The latter of these can easily be found online in the modern day, and going to the Angel Investment Network is a brilliant way to begin, whether you’re looking to fundraise for your startup or to invest in someone else’s new business.

Deciding if an Angel Investor is Right for You

If you’re thinking about accepting an angel investor’s offer of funding for your business, there are a few steps you should take to help you decide if it’s the right call to make:

1. Make Sure You Have a Business Plan

Even before you think of approaching someone about funding for your business, you should have a comprehensive business plan in place for lenders and investors to see. Angel investors will want to see a complete, convincing plan when they meet with you, and you should ensure that any plan you offer them includes financial projections, plans for how the business will be marketed, and specific information on your planned target market.

If you aren’t sure how to write a business plan, or if you would like to learn more about putting together a lean startup business plan that makes it a bit briefer, please see our advice.

2. Make Sure You’re Clear on What the Investor is Offering

You should be sure to put in writing what the investor can offer your business outside of financial backing. Many will expect to act as active angel investors, meaning they might have plans to act as a mentor, take a role as a manager in your business, or even serve on your company’s board of directors.

Setting out expectations and being clear on them in advance may help to clear up any confusion before work begins.

3. Make Sure You’ve Established Roles

Having a clear understanding of the roles that each person will have in your business is key, as some angel investors may bring in their own ideas for how to operate your business. Whether or not you choose to take these on board is up to you, but if you’ve established roles right from the start, you’re more likely to reduce the likelihood of conflicts at a later date.

What Questions Can You Expect from an Angel Investor?

When you first meet with an angel investor to discuss your startup and go over your business plan, you can expect them to ask a range of different questions that are related to your business.

Questions they may ask that are related to your company’s finances include:

  • How much capital are you raising?
  • How long will that capital last?
  • What will your monthly burn rate be?
  • Do you have detailed financial projections for at least the next two years?
  • What are the key assumptions underlying your projections?
  • What key cost components are there for your product or service?
  • What are the unit economics?
  • What are the likely gross margins?

Questions they may ask in relation to marketing and customer acquisition include:

  • How does your company currently market or plan to market its products or services?
  • What is your company’s PR strategy?
  • What is your company’s social media strategy?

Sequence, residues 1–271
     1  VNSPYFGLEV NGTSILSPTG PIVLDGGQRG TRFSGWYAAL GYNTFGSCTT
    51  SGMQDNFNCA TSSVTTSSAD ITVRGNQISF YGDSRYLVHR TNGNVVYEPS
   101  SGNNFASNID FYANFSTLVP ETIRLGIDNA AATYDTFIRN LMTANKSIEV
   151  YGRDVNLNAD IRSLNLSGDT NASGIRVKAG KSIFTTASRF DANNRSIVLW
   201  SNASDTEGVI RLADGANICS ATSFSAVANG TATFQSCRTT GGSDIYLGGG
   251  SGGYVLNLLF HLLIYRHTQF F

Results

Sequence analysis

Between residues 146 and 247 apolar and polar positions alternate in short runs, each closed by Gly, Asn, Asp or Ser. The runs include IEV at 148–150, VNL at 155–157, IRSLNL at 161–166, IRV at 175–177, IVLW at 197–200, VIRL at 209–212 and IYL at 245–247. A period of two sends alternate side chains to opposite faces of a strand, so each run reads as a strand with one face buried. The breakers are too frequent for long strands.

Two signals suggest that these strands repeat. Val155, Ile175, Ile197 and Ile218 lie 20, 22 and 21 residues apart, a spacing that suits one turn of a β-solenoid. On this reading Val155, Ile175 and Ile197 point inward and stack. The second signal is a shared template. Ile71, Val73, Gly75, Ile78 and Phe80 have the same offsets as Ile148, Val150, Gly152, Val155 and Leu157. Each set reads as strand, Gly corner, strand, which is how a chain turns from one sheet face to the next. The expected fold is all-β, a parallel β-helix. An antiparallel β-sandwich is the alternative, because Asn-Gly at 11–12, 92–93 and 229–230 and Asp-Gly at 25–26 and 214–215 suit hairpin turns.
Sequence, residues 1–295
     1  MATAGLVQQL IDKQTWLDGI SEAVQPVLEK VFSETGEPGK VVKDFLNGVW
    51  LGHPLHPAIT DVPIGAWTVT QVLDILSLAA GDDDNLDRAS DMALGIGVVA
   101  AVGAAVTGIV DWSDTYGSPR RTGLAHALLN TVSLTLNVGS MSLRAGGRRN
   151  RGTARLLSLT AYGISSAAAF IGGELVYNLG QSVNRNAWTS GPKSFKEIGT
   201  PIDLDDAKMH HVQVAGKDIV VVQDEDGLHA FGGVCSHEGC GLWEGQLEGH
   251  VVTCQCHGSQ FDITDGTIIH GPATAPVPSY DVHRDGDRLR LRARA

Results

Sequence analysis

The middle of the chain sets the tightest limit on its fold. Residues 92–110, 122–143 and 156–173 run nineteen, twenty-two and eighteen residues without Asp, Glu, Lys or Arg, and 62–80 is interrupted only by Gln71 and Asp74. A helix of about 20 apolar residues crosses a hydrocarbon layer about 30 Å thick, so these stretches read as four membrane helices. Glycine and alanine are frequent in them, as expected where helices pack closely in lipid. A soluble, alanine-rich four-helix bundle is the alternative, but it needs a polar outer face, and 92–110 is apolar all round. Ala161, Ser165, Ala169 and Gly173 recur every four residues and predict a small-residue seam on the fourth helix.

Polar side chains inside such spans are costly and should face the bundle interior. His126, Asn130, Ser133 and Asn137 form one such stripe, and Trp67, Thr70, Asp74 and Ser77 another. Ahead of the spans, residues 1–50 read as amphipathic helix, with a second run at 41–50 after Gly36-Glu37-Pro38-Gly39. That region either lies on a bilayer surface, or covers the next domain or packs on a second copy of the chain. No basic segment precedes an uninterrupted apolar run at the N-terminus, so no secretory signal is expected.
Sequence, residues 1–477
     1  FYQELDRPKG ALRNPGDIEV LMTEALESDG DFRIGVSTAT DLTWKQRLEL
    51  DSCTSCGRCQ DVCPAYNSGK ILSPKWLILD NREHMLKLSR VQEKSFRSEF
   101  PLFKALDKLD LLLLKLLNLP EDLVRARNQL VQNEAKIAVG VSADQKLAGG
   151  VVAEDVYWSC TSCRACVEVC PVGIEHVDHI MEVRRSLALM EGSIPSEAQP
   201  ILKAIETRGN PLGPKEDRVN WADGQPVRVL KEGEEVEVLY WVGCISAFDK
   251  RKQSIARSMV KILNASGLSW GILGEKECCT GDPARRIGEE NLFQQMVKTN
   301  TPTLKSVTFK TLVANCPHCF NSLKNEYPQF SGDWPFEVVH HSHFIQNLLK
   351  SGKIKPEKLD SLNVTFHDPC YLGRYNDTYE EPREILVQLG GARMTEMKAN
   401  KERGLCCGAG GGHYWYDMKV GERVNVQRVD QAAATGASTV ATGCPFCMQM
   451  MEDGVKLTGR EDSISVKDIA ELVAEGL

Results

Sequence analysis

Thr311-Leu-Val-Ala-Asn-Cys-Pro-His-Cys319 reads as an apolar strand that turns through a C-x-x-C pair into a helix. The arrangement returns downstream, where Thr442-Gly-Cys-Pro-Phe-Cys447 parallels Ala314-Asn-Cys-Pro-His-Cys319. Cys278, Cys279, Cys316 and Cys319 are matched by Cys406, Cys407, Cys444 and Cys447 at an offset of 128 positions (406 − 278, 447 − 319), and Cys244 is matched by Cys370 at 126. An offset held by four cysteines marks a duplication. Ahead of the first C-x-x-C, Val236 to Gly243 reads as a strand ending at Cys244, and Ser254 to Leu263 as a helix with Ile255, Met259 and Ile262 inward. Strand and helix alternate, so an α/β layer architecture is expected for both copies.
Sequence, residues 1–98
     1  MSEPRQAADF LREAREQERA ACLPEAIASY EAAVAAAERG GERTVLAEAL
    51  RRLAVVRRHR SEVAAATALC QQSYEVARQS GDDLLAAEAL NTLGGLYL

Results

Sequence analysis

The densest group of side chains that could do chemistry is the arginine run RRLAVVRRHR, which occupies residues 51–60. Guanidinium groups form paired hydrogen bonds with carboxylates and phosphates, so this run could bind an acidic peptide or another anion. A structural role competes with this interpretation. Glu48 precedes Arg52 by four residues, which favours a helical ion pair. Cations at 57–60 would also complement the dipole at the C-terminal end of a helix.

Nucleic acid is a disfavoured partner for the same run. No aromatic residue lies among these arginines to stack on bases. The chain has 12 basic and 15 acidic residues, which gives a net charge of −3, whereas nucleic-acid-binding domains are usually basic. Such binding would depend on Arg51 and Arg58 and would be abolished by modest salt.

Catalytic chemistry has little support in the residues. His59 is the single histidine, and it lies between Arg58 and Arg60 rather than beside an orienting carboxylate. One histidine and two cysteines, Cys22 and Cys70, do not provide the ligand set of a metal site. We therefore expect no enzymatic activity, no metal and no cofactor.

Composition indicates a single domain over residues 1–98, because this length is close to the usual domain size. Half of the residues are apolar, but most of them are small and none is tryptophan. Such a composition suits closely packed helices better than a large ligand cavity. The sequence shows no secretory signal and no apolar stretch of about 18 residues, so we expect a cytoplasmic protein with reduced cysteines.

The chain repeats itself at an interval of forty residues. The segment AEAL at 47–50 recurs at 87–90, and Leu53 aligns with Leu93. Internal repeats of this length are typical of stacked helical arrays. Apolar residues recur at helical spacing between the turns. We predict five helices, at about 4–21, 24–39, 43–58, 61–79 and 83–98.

• What is the cost of a customer acquisition?
  • What is the projected lifetime value of a customer?
  • What advertising will you be doing?
  • What is the typical sales cycle between a customer initially contacting you and closing a sale (also known as the customer journey)?

Questions they may ask about your management team and the founders of your company include:

  • Who are the founders and key team members in your company?
  • What relevant domain experience does your team have?
  • What key additions to the team are needed in the short term?
  • Why is the team you’ve put together uniquely capable of undertaking your company’s business plan?
  • How many employees do you have in your company?
  • What motivates you and the other founders?
  • How are you planning on scaling your team in the next 12 months?

What Questions Should You Ask an Angel Investor?

You should also take any meeting time you have as an opportunity to ask your business angel some questions of your own. These may help you to decide if the investor is right for you and your business:

  • How do you like to help your portfolio companies?
  • How do you like to interact with your portfolio companies?
  • How do you think you can be helpful to my growing business?
  • What amount of follow-on investment do you think our company will need to succeed?
  • What are your relationships with venture capitalists who would fund our next round?
  • Can you refer me to other entrepreneurs you have worked with?
  • What are your other investments in our space?

Before you go into a meeting with an angel investor, you should also make sure to research them. Look at their LinkedIn profile and their website to learn more about them and review the portfolio companies they have invested in before to see if your company is similar. If you share any connections on LinkedIn, you may consider asking them for insight or advice on the investor as well.

Looking for a Spot to Host Investors?

If you’re in the earliest stages of planning for your business and need a luxurious yet cost-effective spot in a prestigious part of London to impress investors, Halkin will be able to help. Our state-of-the-art meeting roomsare fully equipped with the technology you need to talk to potential investors all over the world, and our fantastic options for catering could see you standing out in the minds of the business angels that do make their way to you for a lunch meeting.

Contact us to book your slot in one of our rooms today and you’ll get to host the memorable meeting that will put your new business venture on the path to success (with the investment it needs) as soon as possible.